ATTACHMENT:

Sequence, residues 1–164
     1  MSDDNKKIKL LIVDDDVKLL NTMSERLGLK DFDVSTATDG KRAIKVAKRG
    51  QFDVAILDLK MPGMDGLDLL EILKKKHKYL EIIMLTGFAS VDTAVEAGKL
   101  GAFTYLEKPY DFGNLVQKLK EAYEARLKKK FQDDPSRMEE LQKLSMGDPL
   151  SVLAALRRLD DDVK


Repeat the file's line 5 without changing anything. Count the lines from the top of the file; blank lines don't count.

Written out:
   151  SVLAALRRLD DDVK